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A Story That Didn’t Make It Into the Come, Follow Me Manual

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“Upon Me, Let This Iniquity Be” 
Hank Helps Podcast

by Hank Smith
©copyrighted under Our Turtle House and Jumping Turtle, LLC

▶ Watch or listen to the full episode here: Upon Me Let This Iniquity Be (Hank Helps Podcast)

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Hank Smith:

Welcome to another episode of Hank Helps!

I want to do something today called What The Manual Misses and that’s because in our Come, Follow Me manual that we’re studying the Old Testament, we can’t study every every chapter. But there are some stories that we shouldn’t miss that sometimes we do, and I thought we’d hit one of those today.

The Conflict of David and Nabal

The story is of a heroic woman named Abigail and if I had my way she would be better known in the church.

This is 1 Samuel, chapter 25. David is king. He’s at the height of his reign. He is expanding Israel’s borders and thriving. He’s doing really well and the people of Israel are doing really well because of David being king. The sin with Bathsheba and Uriah has yet to happen.

Well, there’s this man who’s very rich who lives near Mount Carmel. (This is chapter 25 verse 2.) The man was very great: he had 3,000 sheep and 1,000 goats and he was shearing his sheep there. Now, the man’s name is Nabal and his wife’s name is Abigail. She was a woman of good understanding and a beautiful countenance, but the man was, it says, “curlish” I think that’s how you say it. It means he’s rude and evil in his doings.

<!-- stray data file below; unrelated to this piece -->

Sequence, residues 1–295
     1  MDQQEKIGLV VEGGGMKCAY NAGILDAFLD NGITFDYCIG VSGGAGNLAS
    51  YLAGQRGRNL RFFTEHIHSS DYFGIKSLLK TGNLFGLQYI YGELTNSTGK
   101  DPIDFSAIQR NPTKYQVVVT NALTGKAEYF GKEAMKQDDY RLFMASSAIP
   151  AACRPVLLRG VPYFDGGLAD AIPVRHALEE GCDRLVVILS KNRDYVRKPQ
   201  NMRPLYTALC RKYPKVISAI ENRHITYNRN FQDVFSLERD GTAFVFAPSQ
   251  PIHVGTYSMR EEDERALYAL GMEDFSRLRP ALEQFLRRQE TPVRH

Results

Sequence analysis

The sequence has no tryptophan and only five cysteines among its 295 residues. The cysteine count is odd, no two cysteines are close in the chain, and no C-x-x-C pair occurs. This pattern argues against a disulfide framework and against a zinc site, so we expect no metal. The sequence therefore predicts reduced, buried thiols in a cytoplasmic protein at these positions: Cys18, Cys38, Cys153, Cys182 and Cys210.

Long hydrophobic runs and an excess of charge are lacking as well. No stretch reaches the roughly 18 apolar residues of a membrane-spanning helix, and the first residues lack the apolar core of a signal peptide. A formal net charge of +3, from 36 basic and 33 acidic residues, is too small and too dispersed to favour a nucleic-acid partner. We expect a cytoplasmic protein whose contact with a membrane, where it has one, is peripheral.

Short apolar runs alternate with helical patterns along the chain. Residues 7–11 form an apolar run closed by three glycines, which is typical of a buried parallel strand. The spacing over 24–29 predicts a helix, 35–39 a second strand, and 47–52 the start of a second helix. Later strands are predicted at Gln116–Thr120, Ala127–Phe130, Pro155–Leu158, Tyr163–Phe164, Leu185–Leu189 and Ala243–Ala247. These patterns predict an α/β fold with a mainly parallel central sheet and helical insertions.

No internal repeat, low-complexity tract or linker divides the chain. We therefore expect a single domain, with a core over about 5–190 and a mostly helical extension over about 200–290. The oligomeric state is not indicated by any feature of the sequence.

So David sends messengers to Nabal and he says hey when your  shearers were by my Army, we protected them, we helped them. Now I need a favor from you I need some of the wool you are shearing for your sheep for my armies.

Now when the king asks you for something, you give it. Right?

But look how Nabal responds.

Two Egos Get Rocked

He says “Who is David?” (This is verse 10.) “Who is the son of Jesse? There are many servants nowadays that will break every man from his master. Shall I take my bread and my water and my flesh?” Right, he wants him to feed his servants. And he says, “I’m not going give any wool to David. I’m not going to give my food to David or water to David or his men. I’m going to do that.”

So he’s really rude and David is upset. He is, like, “why don’t we go out there and take care of Nabal.” So the idea here is that  if you’re not a friend to the king, the opposite of a friend to the king which Nabal says, “I’m not your friend” is his enemy. What is the king do to his enemies? Right? So here comes David he is going to go down and he’s going to lay waste to Nabal and his house.

Again you might be, like, “David’s being a jerk here, too.” Well, yeah probably, but either way, both egos have been rocked here and now it’s who’s going to win? Nabal or David.

So here comes David. Picture him with armies behind him saying, “I’ll show you what happens when you mess with the king.” Then you’ve got Nabal saying, “Bring it on. I’ll show you what happens when when you mess with Nabal.”

Then Abigail hears.

Abigail Makes Haste

One of the young men told Abigail, Nabal’s wife (in verse 14) “David sent messengers out of the wilderness to salute our master and he railed on them” (it actually said that he railed on them!). He says, “but the men were good to us and we weren’t hurt and they protected us and they would talk with us while we were in the fields and, man, I think we are in huge trouble.”